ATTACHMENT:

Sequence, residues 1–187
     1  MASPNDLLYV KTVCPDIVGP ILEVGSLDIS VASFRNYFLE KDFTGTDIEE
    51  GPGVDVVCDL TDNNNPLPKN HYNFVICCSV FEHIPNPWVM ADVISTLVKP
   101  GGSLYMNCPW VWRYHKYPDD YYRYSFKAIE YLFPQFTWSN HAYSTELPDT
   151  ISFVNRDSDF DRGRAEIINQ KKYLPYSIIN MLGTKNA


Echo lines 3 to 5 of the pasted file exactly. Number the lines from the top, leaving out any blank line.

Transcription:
    51  GPGVDVVCDL TDNNNPLPKN HYNFVICCSV FEHIPNPWVM ADVISTLVKP
   101  GGSLYMNCPW VWRYHKYPDD YYRYSFKAIE YLFPQFTWSN HAYSTELPDT
   151  ISFVNRDSDF DRGRAEIINQ KKYLPYSIIN MLGTKNA